Living with this kind of uncertainty is a crisis and a continuing stress on the community.

Further, the people of the whole Middle East remember acutely that five hundred years ago, they, not Western Europe, were the center of civilization. Many try to answer how the region lost ground relative to the West, and how they can gain it back again for their country, their culture, and in the case of Muslims, their religion. For such people that’s at least a stress, and for the most highly concerned, a crisis.

Saddam Hussein came to power through the pan-Arabist Ba’ath party, which hoped to restore the standing of Iraq and the whole Middle East vis-à-vis their former Western masters. Iraq’s influential community leaders saw him as a modernizer, able to “kick ass and take names”. And they got a pathologic, totalitarian, adventurist Ruthless Leader, eventually removed by massive outside force, nearly a textbook model. (The exception to my model is that, having control of oil production, Saddam could keep the cost of government low without confiscating wealth from the Shia, Kurd, Marsh Arab, and other communities he disenfranchised.)

It will be interesting to see what kind of stable ruler eventually succeeds Saddam. (The Western military occupation was inherently unstable, of course, and stability has not yet been achieved under Nouri al-Maliki.) It will depend on what kind of leader the Iraqi community feels can handle its crises. The mix of worries that brought Saddam to power in the first place still exists, and the crisis of reorganizing the country has been added.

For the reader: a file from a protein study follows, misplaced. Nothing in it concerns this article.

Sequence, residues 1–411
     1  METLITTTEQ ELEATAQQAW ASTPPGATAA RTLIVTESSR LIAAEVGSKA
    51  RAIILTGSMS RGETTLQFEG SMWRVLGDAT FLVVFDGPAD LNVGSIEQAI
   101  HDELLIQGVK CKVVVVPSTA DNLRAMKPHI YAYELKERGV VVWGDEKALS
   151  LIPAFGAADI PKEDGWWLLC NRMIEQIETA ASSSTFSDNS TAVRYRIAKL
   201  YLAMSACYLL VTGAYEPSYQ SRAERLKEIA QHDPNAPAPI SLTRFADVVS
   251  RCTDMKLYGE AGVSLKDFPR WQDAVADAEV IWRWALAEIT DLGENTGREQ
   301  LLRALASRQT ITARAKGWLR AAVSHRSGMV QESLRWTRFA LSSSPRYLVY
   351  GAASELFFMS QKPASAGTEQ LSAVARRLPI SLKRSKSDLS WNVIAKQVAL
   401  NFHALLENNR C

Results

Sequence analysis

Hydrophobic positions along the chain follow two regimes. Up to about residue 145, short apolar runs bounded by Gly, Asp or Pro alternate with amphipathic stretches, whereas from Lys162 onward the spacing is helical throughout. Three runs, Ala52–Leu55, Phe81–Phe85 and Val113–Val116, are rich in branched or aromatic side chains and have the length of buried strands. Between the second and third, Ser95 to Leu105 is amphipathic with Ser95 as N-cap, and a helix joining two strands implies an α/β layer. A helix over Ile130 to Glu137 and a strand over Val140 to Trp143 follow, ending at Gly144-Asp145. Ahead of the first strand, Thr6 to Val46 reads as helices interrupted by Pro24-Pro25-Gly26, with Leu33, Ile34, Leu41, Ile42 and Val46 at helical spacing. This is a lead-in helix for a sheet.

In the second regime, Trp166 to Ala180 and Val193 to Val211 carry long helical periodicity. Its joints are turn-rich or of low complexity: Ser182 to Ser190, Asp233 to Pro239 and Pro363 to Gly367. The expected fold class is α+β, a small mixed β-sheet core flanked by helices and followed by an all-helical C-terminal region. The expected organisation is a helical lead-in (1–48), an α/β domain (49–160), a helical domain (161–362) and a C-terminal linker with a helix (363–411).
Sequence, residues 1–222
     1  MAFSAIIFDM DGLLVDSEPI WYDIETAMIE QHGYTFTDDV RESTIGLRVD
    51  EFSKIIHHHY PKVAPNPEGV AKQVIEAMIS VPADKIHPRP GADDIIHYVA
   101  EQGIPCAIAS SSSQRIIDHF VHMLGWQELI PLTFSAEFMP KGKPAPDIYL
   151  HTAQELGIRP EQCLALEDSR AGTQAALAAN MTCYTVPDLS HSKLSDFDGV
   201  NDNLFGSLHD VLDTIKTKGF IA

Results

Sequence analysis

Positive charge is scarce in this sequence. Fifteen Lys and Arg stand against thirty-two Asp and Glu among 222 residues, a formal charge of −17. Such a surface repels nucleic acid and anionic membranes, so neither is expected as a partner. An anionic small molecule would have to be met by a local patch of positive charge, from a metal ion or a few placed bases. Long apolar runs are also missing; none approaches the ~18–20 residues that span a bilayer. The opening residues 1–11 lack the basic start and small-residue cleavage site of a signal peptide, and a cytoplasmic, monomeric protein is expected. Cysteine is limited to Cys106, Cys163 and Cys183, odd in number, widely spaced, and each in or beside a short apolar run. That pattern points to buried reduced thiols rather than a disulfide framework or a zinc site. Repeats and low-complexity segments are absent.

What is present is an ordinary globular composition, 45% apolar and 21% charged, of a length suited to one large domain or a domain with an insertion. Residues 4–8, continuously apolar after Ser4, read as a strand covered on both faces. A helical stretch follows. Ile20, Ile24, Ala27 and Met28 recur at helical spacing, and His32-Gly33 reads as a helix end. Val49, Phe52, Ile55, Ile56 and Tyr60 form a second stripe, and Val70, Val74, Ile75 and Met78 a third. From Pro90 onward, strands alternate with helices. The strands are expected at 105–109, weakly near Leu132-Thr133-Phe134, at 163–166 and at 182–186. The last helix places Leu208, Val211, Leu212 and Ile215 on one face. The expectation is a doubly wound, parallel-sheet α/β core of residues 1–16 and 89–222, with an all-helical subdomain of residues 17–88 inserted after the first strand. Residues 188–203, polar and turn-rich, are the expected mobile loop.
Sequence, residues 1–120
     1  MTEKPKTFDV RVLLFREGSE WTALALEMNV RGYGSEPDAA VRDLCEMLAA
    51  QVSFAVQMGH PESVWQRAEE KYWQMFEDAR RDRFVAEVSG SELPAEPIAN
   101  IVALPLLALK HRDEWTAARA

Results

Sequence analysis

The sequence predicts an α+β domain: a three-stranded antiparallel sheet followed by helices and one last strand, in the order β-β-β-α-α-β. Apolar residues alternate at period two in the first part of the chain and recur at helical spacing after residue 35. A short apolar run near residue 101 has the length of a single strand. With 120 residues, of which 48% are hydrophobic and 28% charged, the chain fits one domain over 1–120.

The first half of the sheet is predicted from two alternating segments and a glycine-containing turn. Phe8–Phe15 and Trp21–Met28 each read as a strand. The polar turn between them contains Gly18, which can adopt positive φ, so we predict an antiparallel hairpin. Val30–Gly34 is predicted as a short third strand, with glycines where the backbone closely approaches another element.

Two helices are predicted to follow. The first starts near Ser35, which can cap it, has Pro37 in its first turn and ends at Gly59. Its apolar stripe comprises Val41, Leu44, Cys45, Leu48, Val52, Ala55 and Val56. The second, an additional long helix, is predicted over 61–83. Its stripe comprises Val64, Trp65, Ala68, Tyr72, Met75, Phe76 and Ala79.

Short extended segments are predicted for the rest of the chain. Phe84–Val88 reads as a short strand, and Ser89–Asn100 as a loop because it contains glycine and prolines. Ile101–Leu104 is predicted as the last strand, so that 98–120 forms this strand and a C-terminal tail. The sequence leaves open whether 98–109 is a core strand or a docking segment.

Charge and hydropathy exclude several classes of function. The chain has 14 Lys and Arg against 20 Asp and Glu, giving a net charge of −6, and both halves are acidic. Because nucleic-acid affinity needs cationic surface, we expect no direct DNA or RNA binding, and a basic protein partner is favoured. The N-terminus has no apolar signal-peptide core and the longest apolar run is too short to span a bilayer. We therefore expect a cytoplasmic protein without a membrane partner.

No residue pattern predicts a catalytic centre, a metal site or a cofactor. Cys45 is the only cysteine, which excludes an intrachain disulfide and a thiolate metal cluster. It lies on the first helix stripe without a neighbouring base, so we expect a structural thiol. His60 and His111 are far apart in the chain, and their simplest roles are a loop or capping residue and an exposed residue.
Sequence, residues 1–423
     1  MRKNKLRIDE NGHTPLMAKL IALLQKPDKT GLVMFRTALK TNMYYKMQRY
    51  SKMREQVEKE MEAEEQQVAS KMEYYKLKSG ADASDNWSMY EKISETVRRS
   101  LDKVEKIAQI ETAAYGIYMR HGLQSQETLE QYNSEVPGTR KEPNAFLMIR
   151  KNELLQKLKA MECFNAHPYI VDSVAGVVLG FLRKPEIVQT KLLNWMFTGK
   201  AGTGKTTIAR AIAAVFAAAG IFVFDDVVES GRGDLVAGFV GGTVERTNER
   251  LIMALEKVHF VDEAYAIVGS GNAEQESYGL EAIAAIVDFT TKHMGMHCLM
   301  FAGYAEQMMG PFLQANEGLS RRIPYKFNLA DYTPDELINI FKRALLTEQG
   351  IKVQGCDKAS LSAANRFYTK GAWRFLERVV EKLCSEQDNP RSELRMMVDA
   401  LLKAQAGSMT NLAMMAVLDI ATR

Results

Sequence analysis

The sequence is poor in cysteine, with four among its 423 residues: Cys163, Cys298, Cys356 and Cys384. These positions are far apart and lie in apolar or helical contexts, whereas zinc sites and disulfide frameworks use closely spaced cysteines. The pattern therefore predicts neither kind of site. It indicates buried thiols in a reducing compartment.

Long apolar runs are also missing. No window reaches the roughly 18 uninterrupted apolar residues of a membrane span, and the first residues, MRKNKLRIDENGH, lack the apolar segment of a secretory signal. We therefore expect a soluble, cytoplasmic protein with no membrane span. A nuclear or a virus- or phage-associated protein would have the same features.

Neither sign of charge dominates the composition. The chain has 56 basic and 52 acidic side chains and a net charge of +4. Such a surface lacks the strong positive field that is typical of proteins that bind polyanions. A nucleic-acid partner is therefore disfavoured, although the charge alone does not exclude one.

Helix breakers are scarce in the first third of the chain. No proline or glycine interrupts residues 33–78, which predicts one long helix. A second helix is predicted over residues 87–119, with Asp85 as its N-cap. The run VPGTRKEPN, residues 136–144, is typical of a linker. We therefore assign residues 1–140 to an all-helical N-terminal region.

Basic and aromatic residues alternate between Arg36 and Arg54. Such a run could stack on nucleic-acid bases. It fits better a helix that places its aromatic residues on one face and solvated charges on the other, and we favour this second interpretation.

A Historical Question

It wasn’t World War II that brought WWII’s Ruthless Leaders into their positions. They were already in place, combating the worldwide Great Depression of the early 1930s and its aftermath.

Was that war inevitable, or was it a manufactured crisis brought on by adventurist Ruthless Leaders, ironically cooperating to extend their reigns by going to war against each other?